Bears face Monsters for the AHL’s Calder Cup

    MILWAUKEE - JUNE 15:  Chris Bourque #17 of the Hershey Bears kisses the Calder Cup after the Hershey Bears defeated the Milwaukee Admirals in game six of the AHL Calder Cup Finals on June 15, 2006 at the Bradley Center in Milwaukee, Wisconsin. The Bears defeated the Admirals 5-1 in game six to win the AHL Calder Cup. (Photo by Jonathan Daniel/Getty Images)
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    The Hershey Bears and Lake Erie Monsters will play for the 2016 Calder Cup, as the American Hockey League’s championship series begins Wednesday.

    The Bears, who start with home ice advantage, enter the series having won the Calder Cup 11 times — the most of any franchise in the league’s history. They also enter the final having dispatched the Toronto Marlies — Canada’s remaining hope for an AHL championship, right…? — in the third round.

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    Meanwhile, the Monsters have been on a torrid run in the playoffs, losing only twice in 13 games so far. They’ve earned the sweep in two of three series, making quick work of the Rockford IceHogs and Ontario Reign.

    Bears forward Carter Camper, a journeyman in the minors with three games of NHL experience with Boston in 2011-12, is second in AHL playoff scoring with 15 points in 17 games.

    For the Monsters, Blue Jackets prospect Lukas Sedlak has been on a roll, offensively, and now has 13 points in 13 post-season games this year.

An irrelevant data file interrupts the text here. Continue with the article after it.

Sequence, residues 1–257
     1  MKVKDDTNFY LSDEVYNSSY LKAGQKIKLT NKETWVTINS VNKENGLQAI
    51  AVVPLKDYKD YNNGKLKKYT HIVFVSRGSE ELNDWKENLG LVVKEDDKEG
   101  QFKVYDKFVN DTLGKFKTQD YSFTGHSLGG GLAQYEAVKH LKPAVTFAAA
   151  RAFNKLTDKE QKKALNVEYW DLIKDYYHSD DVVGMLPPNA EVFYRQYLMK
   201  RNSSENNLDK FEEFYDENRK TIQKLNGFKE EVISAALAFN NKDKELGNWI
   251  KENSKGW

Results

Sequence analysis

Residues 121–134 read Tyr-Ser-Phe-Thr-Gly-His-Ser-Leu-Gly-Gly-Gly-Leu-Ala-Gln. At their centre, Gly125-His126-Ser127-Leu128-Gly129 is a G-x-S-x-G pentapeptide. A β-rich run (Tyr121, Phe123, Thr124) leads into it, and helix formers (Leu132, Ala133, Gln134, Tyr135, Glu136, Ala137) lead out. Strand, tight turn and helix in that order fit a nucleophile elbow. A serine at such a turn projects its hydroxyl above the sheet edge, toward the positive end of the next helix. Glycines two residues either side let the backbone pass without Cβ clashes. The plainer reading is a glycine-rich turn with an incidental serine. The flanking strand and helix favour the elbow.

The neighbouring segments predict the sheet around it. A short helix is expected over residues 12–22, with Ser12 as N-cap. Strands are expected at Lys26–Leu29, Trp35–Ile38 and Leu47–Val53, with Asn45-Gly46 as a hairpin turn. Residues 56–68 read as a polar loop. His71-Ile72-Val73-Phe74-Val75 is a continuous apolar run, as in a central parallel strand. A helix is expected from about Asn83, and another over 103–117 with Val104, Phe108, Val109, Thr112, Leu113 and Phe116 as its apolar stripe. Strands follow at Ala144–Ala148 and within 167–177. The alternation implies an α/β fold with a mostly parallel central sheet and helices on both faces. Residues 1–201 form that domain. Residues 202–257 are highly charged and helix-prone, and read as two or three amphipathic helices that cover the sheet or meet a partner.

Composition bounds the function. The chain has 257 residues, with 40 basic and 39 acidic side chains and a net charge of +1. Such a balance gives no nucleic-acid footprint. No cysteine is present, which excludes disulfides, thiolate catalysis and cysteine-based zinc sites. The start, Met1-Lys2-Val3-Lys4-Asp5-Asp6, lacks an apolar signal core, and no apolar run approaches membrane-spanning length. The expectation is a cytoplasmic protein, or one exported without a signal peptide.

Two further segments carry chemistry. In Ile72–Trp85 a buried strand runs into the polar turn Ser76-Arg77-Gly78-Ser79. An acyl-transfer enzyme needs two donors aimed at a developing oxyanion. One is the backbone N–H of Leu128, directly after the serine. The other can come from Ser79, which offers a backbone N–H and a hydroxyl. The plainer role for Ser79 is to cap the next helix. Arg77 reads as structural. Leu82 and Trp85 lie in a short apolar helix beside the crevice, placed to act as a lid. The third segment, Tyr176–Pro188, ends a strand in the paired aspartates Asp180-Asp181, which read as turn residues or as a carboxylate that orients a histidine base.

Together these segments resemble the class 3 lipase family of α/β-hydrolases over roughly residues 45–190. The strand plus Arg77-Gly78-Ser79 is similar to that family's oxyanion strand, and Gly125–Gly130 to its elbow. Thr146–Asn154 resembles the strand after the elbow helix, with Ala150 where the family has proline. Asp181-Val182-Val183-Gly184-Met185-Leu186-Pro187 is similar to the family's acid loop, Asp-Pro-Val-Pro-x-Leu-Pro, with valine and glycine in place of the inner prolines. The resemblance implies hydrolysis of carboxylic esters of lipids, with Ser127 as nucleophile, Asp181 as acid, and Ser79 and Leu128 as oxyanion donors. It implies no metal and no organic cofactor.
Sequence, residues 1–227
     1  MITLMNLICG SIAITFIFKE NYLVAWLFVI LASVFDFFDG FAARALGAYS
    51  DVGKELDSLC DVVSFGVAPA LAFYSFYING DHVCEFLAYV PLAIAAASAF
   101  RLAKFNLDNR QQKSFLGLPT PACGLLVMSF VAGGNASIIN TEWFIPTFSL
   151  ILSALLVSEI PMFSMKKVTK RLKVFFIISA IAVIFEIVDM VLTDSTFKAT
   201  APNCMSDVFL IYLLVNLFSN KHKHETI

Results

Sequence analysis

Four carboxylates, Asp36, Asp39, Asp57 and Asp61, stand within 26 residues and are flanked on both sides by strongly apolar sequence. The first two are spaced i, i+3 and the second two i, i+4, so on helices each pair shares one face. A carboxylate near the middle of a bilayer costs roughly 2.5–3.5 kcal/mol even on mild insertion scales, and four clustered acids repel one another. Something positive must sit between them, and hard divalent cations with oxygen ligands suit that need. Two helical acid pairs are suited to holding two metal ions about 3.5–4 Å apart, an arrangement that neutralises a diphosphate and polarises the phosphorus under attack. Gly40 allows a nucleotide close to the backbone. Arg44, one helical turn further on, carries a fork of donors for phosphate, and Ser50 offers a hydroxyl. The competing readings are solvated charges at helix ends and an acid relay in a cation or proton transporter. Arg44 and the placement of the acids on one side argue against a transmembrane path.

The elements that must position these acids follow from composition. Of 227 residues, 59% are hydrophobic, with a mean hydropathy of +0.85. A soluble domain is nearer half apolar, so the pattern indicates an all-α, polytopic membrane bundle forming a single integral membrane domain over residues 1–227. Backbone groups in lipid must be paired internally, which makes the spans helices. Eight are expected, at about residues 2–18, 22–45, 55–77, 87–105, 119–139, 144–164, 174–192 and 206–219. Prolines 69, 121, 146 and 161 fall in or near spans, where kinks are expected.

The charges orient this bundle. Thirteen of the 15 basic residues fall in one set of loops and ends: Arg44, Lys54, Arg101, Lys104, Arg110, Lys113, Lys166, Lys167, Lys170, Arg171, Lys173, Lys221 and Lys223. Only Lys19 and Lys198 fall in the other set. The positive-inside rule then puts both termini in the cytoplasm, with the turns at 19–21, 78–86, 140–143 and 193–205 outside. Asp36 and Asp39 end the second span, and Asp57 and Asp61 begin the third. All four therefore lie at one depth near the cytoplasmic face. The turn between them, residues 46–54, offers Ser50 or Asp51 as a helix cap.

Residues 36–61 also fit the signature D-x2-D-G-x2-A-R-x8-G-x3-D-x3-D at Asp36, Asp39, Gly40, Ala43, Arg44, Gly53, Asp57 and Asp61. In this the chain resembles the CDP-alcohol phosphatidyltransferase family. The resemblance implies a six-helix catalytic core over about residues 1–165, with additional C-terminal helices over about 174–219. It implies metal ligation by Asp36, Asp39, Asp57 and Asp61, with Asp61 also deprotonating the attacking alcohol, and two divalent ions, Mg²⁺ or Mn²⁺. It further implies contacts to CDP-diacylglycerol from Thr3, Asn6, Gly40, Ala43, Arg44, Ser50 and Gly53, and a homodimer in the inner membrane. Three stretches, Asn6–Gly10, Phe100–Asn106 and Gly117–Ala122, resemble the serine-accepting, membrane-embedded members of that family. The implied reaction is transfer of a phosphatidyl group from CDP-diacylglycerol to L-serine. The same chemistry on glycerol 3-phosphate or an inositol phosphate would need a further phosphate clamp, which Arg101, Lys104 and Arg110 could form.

From the Columbus Dispatch:

    Sedlak was regarded as a smart two-way forward, but his offensive production was minimal, almost non-existent. Players like that tend to drift away after a few seasons, pushed aside by the next wave of young talent and high draft picks.

    “I’d say right around Christmas I started wondering what was going to happen,” Sedlak said. “I was asking my agent what Columbus thought of me, and I was prepared for everything — maybe even going back to Europe.

    “I knew my contract was up after the season. I thought I was playing pretty well … but you just don’t know.”

     

    Stars sign Dowling, Ranford to one-year deals

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    The Dallas Stars made a pair of depth moves on Tuesday, announcing the signings of forwards Justin Dowling and Brendan Ranford to one-year contracts.

    Both players have put up good numbers in the American Hockey League with the Texas Stars.

    This past season, the 24-year-old Ranford scored 19 goals and 59 points in 76 games — all career highs for him in the minors. He played once for Dallas last season, but didn’t register a point.

    Initially undrafted and a Stars’ free agent signing from two years ago, the 25-year-old Dowling was also productive with 11 goals and 46 points in 52 games.